Park of Island of Bonaventure and Rock Perce

Island of Bonaventure and Rock Perce National Park is located in the Gaspesie region.

This park is a one of the most interesting destinations in Quebec for those who’d like to spend their holidays, observing Quebec’s generous nature.

This national park includes the Island of Bonaventure and  well-known Rock Perce (Rocher Perce en French) – an enormous long butte of 470-metres long rising out of the sea.

The Bonaventure Island is home to colonies of a few species of birds, mostly of Northern gannets, whose local colony is the largest on the American continent. Moreover, guests can admire thousand of other birds at the Rock Perce and the Bonaventure Island you to see how thousands of birds and observe their everyday life. Bird-watching here is a fun-filled activity. Visitors can watch birds since the beginning of May till December.

The territory of the National park of the Bonaventure Island and Rock Perce benefits from an exceptional microclimate, appreciated by hikers, both on the trails and the pebble or fine sand beaches bordered by the dizzying red cliffs, small coves and rocky capes. Indeed, the national Park of Bonaventure Island and Rock Perce is an enchanting site which belongs to the geological heritage of Gaspésie and Quebec, made of conglomerate, siltstone and sandstone and more than 300 millions years old (may be, 400 millions years).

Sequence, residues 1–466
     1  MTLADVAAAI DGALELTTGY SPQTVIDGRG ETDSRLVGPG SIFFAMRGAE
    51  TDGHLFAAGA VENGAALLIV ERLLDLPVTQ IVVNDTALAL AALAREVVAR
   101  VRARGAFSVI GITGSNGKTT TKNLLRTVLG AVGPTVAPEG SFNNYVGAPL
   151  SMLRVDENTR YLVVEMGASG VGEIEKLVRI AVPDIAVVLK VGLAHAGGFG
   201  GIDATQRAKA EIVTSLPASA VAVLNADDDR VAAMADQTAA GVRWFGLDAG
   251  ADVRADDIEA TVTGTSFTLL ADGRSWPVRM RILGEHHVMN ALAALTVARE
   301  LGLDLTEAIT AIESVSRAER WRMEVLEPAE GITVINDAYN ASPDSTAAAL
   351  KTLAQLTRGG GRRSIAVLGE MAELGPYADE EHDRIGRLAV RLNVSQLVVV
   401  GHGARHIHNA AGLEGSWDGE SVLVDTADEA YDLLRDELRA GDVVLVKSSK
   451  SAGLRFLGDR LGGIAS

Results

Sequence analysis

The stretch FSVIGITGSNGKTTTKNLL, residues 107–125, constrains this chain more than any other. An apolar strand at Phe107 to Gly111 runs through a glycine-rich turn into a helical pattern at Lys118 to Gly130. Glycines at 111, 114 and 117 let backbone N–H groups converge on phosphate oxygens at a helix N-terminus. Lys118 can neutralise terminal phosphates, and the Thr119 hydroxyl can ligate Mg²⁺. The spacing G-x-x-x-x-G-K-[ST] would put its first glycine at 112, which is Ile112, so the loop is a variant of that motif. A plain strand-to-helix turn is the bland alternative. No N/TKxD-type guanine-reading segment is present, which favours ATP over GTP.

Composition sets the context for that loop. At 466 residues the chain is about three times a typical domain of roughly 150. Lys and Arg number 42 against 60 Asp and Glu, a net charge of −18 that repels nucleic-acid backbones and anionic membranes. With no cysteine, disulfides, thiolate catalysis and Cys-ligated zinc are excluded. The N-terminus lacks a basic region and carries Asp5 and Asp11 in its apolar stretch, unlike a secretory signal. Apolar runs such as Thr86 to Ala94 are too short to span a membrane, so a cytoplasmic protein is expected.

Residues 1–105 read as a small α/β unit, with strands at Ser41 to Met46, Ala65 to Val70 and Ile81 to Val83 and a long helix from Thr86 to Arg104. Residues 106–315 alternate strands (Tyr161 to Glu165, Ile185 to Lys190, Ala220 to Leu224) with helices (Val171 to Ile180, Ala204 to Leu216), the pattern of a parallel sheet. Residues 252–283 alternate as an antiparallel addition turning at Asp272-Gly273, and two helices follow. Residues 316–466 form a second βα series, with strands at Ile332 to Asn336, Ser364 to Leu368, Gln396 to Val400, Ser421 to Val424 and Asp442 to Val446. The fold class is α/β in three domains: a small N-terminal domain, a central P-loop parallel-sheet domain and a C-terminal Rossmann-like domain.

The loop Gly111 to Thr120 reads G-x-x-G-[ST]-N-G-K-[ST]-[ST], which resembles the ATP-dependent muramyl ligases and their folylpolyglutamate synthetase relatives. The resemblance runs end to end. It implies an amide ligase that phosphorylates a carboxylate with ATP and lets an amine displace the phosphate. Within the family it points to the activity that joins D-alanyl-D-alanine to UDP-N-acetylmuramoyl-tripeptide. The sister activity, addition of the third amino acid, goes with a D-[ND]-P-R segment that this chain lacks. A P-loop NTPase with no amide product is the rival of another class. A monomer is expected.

Other than watching birds and animals, tourists can walk through the fields of wildflowers, admire the ancestral houses dispersed randomly over the territory or just walk by the sea shore…

The Bonaventure Island is 3,5 km wide, with cliffs over 90 metres high. As to Rock Perce, its shoreline stretches 200 metres in length, the hole inside the rock is 20 metres high and its obelisk stands 45 metres high. Every year, the rock Perce loses 300 tonnes of rock and if men do nothing, so nothing will be left of the rock in about 15 thousand years. It is 375 millions years old and made of limestone with calcite veining. The rock Perce holds around 150 species of fossils, namely brachiopods, trilobites, Percé dalminites, marine worms, corals and other.

Curiously, Samuel de Champlain describes the rock with one arch, in 1603, just like now. But in 1760, during the Seven Years’ war, a British officer drew a picture of the Rock Perce where we see double arches. We know for sure the one of the arches collapsed in 1845.

So, it seems, the appearance of the Rock Perce changes from time to time.

Forillon National Park of Canada is located near the Rock Perce.

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